Two key economic reports were published yesterday: The Office for Budgetary Responsibility (OBR) released its latest forecast on the UK economy, while in the North East an assessment of the possible impact of the recent Spending Review on the region was issued.
The OBR report forecasts faster growth than previously expected in 2010 of 1.8%, followed by growth of 2.1% in 2011 (slightly slower than previously predicted). These forecasts suggest a ‘double-dip’ recession is particularly unlikely. It has also revised expectations of public sector job losses in the next four years from 490,000 in June to 330,000. Unemployment is expected to grow to 8% next year, but fall back after that.
The Chancellor used his statement in response to this to announce reform of rules for controlled foreign companies, a lower 10% corporate tax rate on profits from newly commercialised patents from 2013, and a cross-Whitehall ‘growth review’ to report alongside Budget 2011 in March, which will assess how Government can better contribute to business growth. This will include improvements to the planning system and employment law, and more support for export and inward investment. The OBR report can be read here, while the Chancellor’s response can be seen here.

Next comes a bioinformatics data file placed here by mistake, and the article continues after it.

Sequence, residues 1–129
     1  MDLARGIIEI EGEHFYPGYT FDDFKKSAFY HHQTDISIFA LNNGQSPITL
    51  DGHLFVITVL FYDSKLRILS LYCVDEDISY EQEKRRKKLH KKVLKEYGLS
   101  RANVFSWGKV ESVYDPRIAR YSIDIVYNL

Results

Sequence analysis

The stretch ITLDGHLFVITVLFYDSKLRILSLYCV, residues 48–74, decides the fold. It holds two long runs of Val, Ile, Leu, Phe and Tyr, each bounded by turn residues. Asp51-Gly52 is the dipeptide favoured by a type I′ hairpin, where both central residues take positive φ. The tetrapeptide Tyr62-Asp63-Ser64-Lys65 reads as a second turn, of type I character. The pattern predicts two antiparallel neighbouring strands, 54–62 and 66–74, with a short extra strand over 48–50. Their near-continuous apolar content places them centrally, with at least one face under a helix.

Meanwhile, One North East published a report conducted by St Chad’s College, Durham University, which forecasts 49,000 potential job losses in the region following the Spending Review, including 20,000 in the private sector. Every 1% increase in exports could offset 12% of job losses, but the report warns there is a mismatch in skills between those in the public sector who may lose their jobs and the requirements of businesses. Details of the report, entitled Mind the Gap, are here.
NECC welcomed the OBR report as further evidence of the growth opportunities for the private sector, and the Chancellor’s review, which echoes the economic recovery test called for in our Manifesto 2010. The Mind the Gap report lays bare the scale of the challenge to ensure this is reflected in the North East, and gives further weight to NECC’s calls for greater emphasis on backing exporters, and ensuring appropriate re-training opportunities are available to public sector workers.
To give your view on these issues, leave a comment on this blog or email email@example.com.